Reliability Testing...

The purpose of reliability testing is to discover potential problems with the design and, ultimately, provide confidence that the system meets its reliability requirements.

Reliability testing may be performed at several levels, component, circuit board, unit, assembly, sub system and system levels. For example, performing environmental stress screening tests at lower levels, such as component level. Testing proceeds during each level of integration through system testing, developmental testing, and operational testing, thereby reducing program risk.

Reliability growth techniques and failure reporting, analysis and corrective active systems are often employed to improve reliability as testing progresses. Customers may choose to accept more risk by eliminating some or all lower levels of testing.

Technically, reliability shows the extent to which test scores are free from errors of measurement. Reliability measures are concerned with determining the degree of inconsistency in scores due to random error.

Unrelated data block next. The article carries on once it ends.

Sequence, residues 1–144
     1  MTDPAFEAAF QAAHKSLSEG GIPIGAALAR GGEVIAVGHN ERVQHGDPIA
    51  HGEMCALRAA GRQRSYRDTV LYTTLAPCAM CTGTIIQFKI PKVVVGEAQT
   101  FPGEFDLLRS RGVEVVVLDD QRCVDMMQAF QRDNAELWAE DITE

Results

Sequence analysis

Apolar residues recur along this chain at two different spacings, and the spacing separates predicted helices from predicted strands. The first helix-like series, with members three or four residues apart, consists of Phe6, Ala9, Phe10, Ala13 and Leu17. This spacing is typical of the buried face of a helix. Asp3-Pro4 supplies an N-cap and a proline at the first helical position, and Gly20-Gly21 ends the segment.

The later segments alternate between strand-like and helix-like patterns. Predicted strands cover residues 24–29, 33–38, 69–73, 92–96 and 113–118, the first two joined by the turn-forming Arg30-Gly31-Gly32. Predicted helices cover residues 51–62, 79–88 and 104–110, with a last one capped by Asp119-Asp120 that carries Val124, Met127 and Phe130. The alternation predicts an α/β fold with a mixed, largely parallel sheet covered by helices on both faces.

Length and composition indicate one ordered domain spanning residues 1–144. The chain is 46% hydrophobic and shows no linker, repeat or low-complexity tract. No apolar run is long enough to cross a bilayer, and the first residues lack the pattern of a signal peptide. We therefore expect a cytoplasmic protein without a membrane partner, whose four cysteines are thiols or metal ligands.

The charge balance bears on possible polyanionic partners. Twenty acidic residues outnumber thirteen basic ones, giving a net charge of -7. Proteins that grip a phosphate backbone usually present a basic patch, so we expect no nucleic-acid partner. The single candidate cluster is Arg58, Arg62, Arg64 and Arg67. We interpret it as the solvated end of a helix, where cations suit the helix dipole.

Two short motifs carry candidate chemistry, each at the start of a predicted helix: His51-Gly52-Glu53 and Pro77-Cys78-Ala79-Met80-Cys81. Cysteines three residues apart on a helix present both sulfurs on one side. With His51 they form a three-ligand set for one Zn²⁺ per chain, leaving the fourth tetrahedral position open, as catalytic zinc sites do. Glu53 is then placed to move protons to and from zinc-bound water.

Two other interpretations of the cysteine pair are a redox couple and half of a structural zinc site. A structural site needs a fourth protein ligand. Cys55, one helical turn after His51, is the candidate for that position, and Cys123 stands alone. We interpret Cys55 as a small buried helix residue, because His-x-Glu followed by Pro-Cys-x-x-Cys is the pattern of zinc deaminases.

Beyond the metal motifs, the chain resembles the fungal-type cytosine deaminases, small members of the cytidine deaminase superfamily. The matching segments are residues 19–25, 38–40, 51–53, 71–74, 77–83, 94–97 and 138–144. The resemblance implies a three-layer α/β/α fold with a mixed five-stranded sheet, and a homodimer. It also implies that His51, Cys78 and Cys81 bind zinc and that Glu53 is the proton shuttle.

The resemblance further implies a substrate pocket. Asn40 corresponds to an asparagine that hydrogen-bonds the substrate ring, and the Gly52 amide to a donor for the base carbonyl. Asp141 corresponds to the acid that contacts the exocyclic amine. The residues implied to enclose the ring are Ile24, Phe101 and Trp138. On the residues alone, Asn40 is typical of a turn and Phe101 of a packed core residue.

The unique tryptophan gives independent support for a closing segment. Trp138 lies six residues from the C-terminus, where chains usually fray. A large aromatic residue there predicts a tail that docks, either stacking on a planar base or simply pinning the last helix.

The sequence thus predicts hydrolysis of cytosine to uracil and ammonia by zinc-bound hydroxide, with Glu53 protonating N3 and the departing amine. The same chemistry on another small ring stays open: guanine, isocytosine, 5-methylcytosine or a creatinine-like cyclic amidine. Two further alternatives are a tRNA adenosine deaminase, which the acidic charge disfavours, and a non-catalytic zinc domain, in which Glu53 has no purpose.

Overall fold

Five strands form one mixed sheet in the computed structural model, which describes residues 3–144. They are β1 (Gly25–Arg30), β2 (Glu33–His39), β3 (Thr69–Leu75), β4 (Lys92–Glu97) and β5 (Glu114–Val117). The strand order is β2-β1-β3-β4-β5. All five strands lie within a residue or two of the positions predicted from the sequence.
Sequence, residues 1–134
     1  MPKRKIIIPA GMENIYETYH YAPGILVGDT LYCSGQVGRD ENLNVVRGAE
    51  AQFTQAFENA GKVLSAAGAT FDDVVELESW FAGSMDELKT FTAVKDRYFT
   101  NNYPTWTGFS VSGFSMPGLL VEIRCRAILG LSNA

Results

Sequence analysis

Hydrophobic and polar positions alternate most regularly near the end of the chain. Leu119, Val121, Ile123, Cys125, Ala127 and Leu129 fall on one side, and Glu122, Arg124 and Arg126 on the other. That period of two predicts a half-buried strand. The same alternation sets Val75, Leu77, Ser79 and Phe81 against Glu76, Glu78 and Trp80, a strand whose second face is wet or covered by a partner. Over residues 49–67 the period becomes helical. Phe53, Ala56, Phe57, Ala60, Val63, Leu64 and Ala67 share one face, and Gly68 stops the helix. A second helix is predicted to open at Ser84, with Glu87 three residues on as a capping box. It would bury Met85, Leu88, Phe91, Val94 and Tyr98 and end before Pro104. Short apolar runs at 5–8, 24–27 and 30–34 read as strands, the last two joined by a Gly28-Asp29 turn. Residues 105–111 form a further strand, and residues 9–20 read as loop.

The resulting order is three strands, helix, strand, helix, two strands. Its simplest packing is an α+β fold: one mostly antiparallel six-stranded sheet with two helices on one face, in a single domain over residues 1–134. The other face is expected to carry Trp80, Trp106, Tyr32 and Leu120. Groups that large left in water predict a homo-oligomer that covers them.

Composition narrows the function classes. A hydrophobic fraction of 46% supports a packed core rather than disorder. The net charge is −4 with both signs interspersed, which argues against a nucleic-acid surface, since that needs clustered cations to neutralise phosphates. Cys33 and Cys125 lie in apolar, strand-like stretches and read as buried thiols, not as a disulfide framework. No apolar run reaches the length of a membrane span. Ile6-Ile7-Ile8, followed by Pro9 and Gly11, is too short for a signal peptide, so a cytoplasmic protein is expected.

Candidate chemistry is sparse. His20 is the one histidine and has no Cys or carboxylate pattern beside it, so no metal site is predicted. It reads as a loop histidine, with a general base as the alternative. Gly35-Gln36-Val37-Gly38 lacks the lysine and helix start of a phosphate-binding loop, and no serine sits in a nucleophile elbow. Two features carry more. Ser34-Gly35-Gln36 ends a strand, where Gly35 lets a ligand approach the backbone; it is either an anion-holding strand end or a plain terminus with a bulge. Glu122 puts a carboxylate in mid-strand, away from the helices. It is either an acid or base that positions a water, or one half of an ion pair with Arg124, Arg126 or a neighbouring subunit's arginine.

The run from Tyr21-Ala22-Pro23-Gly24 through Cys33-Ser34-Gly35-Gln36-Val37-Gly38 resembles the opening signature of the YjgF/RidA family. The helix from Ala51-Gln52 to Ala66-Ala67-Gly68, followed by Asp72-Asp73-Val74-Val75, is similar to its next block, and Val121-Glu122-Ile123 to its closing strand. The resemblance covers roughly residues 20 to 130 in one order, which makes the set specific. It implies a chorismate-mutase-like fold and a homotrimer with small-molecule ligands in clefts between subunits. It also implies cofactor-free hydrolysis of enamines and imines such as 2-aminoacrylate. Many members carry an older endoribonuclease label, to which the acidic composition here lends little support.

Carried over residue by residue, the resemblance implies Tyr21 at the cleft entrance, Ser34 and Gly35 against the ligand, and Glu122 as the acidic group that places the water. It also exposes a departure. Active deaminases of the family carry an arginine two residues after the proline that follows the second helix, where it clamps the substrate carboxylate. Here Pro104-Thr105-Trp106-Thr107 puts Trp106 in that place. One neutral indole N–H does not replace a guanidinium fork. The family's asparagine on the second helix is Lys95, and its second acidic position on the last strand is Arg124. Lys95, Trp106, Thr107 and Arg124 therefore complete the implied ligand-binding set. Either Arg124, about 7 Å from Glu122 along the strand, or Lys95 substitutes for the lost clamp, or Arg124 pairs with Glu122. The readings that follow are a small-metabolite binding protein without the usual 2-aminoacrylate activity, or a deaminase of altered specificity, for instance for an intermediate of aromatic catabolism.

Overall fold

A system's reliability is a measure of stability and overall performance of a system collated during an extended period of time under various specific sets of test conditions.  This type of testing incorporates the results from non-functional testing such as stress testing, security testing, network testing, along with functional testing.  It is a combined metric to define a system's overall reliability.  A measure of reliability should be defined by business requirements in the form of service levels.  These requirements should then be used to measure test results and the overall reliability metric of a system under test.

Reliability refers to a condition where a measurement process yields consistent scores (given an unchanged measured phenomenon) over repeat measurements.

Two of the primary criteria of evaluation in any measurement or observation are:

  1. Whether the same measurement process yields the same results.
  2. Whether we are measuring what we intend to measure.

Reliability is concerned with questions of stability and consistency - does the same measurement tool yield stable and consistent results when repeated over time. Think about measurement processes in other contexts - in construction or woodworking, a tape measure is a highly reliable measuring instrument.


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